P10 BYOD: Microvideo for Learning
8:30 AM - 4:30 PM Tuesday, October 23
Using microvideo for learning has the potential to raise engagement among learners by reducing the amount of time they need to dedicate to training. There is a wide range of other benefits to this approach, including how mobile devices can make the content easy to produce and watch; how it enables users and subject matter experts to quickly create their own content; and the relative ease of distribution through corporate platforms. But just because a video is short doesn’t mean it’s effective. What skills do you need to build to produce microvideos that actually work?
In this one-day workshop, you will break down the advantages and disadvantages of using video lengths between one frame and 60 seconds. You’ll also look at how the length of your video can change how you approach storyboarding and production. You’ll then explore the design and delivery of your microvideos, including how to adopt simple visual cues that make your content clear right from the start. You will walk away with proven processes and practices for making microvideos that work, as well as implementation strategies for producing and sharing this content.
In this session, you will learn:
- How the brain processes video and audio (and how this should impact the microvideos you create)
- How to design and develop your own effective microvideos
- How a video content management system works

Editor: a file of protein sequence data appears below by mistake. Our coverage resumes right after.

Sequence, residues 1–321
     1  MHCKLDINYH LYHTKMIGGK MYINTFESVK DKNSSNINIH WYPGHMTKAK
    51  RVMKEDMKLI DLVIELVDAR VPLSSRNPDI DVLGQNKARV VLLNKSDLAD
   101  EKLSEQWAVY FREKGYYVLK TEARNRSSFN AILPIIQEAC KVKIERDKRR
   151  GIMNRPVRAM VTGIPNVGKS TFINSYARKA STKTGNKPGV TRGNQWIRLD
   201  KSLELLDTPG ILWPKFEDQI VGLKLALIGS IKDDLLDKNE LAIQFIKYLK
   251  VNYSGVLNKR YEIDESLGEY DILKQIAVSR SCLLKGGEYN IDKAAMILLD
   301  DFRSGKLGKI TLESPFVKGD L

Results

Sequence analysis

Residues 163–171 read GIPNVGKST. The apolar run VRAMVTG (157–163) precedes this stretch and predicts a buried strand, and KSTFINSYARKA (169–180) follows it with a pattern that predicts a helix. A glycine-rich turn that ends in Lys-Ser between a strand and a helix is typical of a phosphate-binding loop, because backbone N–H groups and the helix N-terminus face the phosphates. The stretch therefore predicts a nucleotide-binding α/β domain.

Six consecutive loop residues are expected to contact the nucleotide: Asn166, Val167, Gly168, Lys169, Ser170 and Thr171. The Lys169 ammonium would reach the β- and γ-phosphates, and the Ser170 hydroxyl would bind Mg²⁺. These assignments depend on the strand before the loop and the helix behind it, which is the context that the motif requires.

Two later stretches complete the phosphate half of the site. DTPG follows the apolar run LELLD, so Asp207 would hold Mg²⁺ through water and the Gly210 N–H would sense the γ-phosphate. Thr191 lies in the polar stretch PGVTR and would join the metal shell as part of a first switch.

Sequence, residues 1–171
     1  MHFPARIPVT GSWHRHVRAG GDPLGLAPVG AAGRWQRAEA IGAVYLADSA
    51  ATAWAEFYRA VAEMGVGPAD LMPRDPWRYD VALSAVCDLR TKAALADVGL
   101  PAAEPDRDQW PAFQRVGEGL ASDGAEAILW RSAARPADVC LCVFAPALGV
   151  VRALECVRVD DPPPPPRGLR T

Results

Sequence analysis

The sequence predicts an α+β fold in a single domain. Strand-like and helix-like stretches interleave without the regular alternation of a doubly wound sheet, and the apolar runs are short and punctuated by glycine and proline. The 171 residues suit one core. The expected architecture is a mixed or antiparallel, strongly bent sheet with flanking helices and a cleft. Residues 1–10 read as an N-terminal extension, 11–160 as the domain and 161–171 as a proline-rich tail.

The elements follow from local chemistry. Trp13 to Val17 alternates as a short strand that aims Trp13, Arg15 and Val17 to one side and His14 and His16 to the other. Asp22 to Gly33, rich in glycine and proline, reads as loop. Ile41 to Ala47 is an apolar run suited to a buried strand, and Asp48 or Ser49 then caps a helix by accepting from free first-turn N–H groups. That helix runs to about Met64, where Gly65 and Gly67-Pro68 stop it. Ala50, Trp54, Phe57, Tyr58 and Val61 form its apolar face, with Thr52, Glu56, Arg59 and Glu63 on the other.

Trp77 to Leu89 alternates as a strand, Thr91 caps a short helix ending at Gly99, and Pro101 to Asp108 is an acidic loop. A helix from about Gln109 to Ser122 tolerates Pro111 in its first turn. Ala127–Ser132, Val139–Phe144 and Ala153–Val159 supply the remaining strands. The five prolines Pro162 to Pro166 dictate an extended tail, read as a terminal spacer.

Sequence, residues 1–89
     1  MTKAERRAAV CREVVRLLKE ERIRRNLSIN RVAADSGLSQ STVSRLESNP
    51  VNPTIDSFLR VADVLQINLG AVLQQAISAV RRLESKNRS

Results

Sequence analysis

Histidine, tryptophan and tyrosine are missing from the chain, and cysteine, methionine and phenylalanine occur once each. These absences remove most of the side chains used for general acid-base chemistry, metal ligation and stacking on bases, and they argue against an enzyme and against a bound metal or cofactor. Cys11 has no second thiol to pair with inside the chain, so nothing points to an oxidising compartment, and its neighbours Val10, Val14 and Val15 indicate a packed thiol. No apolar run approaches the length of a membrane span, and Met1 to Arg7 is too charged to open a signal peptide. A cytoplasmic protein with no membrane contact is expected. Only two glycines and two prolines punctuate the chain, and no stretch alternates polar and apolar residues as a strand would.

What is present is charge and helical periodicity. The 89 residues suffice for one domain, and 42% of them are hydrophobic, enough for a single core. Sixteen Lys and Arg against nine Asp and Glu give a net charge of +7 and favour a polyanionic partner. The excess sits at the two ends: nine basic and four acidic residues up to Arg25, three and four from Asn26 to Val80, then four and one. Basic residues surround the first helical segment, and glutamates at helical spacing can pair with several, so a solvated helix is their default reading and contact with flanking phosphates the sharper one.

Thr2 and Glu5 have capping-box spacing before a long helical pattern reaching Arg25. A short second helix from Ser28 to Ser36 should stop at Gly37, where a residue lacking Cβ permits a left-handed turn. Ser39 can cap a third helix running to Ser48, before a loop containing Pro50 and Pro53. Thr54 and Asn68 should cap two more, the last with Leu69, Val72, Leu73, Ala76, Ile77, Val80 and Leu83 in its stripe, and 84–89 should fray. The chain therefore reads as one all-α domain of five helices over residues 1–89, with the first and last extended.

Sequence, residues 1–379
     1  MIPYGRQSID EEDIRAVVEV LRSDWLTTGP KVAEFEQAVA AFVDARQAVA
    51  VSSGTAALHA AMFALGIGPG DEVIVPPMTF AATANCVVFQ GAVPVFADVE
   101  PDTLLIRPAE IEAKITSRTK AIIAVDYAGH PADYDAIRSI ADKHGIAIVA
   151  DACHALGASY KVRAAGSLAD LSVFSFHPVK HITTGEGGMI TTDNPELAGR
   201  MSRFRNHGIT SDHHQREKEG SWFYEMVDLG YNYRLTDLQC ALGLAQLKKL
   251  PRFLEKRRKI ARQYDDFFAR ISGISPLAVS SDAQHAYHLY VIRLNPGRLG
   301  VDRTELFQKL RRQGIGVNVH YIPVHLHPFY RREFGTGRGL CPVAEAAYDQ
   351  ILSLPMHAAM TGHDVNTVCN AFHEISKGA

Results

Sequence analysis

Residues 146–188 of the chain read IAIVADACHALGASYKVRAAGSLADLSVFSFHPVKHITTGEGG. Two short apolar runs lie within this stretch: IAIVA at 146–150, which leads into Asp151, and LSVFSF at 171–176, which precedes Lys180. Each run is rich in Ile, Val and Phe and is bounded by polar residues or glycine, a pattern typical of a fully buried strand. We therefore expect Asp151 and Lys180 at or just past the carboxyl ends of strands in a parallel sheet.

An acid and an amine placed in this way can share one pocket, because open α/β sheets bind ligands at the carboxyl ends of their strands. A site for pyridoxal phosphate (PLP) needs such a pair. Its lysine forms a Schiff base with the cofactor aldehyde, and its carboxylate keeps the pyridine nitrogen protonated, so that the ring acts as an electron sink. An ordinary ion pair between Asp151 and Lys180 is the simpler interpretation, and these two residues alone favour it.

- How to create a user-generated microvideo workflow
- How to use metadata with microvideos
- About video analytics you can use to guide your microvideo creation process
Novice to intermediate designers and developers.
Technology discussed in this session:
Video editing software (Adobe Premiere, TechSmith Camtasia, etc.) and video content management systems.
Participant technology requirements:
A laptop with video editing software and the ability to use a USB drive to transfer workshop exercise assets.
CEO and Founder
Josh Cavalier, the CEO and founder of Lodestone, has worked in the eLearning industry for more than 23 years. Focusing on the intersection of education and technology, Josh specializes in education media production, rapid eLearning tool implementation, and microvideo creation. He has appeared in People magazine describing his method of historical digital photography, and he holds a BFA from the Rochester Institute of Technology.